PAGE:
The American People Archive. Seaside Portfolio. Razor Clamming At DelRay Beach.1984
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On the North Oregon Coast seaside beaches during low tide on specific dates, hunting for Razor Clams is a major recreation. They are called Razor Clams because they are shaped like the old straight razor that men used to shave - the edges of the Razor Clam are very sharp.
The traditional way in which Razor Clams are dug up is with a Shovel....the hunter stays on the water line during the low tide when the clams are accessible - to find them, they hit the sand with the handle end of their shovel...the vibration alarms the clam, which then begins to dig deeper into the sand with its large foot...and doing so, puts a dimple in the sand above it...which is observed by the hunter, who quickly digs into the sand before the clam can dig deeper.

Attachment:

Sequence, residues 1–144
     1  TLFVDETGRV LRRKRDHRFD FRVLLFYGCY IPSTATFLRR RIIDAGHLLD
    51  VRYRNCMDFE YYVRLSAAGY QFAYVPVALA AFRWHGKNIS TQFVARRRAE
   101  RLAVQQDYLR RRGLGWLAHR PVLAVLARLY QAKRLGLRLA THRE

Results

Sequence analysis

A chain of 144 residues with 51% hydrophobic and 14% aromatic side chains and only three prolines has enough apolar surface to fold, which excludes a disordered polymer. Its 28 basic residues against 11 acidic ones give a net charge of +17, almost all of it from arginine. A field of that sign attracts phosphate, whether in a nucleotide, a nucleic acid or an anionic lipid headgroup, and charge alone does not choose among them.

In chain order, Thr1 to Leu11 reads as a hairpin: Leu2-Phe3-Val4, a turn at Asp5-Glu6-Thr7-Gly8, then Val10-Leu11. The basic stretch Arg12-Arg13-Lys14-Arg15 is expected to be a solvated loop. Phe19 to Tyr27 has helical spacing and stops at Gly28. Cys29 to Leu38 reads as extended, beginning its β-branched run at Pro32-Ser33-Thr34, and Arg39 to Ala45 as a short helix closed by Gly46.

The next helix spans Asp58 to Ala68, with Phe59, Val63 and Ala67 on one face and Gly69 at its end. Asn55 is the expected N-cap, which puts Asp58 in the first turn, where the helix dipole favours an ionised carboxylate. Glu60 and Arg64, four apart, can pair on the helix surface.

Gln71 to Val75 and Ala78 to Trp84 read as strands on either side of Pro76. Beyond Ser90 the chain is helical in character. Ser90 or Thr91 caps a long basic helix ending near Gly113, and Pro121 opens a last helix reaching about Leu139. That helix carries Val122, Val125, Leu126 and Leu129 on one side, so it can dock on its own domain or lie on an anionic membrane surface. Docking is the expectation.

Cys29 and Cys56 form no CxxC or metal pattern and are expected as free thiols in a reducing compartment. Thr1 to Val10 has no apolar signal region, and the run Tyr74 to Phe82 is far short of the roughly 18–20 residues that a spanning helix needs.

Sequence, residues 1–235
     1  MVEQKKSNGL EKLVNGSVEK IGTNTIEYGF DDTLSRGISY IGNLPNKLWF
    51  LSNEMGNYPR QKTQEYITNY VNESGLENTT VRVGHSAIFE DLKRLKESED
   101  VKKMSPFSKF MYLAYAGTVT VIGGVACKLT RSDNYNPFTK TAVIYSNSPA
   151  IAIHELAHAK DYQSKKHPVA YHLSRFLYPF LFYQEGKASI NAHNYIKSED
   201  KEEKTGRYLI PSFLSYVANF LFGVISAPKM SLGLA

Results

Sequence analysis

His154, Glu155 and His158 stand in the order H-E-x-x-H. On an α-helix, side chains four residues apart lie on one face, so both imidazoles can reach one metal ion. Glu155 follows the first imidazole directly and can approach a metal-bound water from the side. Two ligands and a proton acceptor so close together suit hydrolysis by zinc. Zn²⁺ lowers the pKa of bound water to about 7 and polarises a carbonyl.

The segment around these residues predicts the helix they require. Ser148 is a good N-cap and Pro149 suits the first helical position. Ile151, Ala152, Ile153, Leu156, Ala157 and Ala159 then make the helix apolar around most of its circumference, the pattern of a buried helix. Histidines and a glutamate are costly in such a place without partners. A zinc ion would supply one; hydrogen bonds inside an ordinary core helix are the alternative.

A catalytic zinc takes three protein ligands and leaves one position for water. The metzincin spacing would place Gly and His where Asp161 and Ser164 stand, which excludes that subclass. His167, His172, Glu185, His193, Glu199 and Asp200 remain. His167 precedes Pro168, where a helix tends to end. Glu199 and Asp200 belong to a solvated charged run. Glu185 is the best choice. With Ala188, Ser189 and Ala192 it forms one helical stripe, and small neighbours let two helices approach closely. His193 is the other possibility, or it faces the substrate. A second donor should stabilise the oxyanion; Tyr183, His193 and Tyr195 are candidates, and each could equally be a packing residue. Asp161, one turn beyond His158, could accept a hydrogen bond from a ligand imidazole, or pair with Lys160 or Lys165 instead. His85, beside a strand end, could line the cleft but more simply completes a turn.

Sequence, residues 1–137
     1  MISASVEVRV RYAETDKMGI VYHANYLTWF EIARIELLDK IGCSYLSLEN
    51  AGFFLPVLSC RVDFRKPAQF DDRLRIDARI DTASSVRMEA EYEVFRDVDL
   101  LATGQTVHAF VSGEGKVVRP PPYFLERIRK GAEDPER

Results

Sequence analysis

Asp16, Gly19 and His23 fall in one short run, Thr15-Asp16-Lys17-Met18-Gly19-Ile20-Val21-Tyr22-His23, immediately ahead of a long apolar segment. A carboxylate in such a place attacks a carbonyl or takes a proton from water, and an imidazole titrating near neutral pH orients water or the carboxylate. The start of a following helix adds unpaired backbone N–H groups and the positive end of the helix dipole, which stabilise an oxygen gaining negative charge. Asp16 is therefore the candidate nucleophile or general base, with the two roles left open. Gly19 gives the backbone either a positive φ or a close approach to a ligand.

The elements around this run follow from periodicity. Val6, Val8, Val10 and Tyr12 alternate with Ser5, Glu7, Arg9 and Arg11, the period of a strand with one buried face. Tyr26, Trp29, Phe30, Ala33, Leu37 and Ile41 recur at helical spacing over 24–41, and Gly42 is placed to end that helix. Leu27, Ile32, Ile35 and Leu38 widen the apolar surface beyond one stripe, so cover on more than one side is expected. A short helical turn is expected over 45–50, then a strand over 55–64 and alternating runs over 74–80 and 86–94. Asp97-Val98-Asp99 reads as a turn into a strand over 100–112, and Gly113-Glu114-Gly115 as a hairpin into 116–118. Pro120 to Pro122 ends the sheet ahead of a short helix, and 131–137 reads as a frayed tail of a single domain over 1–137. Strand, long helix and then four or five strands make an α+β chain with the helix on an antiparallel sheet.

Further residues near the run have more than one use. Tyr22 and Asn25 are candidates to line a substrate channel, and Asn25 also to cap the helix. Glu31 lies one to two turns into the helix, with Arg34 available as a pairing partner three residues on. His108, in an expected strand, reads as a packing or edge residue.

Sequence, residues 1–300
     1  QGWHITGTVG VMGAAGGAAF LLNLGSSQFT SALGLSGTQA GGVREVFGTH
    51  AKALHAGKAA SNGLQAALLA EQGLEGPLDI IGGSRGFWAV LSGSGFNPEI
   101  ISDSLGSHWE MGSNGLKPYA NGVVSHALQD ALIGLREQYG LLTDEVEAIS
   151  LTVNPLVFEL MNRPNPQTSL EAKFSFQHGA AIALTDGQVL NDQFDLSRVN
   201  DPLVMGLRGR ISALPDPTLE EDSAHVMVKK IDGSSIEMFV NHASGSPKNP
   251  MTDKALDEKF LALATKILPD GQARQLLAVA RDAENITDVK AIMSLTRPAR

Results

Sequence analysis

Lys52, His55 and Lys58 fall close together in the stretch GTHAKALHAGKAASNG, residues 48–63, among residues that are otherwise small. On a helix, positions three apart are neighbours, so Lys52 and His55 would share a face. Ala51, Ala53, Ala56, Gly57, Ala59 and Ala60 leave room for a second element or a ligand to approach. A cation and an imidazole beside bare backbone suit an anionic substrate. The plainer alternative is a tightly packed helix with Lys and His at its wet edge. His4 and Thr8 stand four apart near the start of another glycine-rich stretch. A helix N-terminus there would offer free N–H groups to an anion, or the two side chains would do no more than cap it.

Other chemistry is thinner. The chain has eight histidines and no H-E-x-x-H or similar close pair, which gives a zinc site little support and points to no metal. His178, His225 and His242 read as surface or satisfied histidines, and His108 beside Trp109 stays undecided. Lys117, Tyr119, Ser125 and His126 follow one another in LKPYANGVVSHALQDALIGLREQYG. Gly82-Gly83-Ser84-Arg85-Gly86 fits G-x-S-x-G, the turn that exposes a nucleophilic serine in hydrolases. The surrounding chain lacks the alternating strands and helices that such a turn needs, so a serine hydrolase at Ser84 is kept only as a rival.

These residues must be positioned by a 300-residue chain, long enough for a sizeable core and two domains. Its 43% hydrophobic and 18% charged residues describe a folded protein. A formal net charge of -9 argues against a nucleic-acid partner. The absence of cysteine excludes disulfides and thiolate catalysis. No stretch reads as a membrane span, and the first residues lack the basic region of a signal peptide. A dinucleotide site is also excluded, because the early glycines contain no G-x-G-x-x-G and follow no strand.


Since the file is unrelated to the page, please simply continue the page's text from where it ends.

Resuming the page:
It takes experience to master the technique....it is more of a sport than a delicacy - since the clams themselves are rather tasteless. Mostly, it is a social event for clam sportsmen who drive their cars down onto the beach at low tide and join the throng digging in the receding tide.
Originally, it was the native Indians that developed the trick of finding the buried clams.
Also by Alwyn Scott Turner
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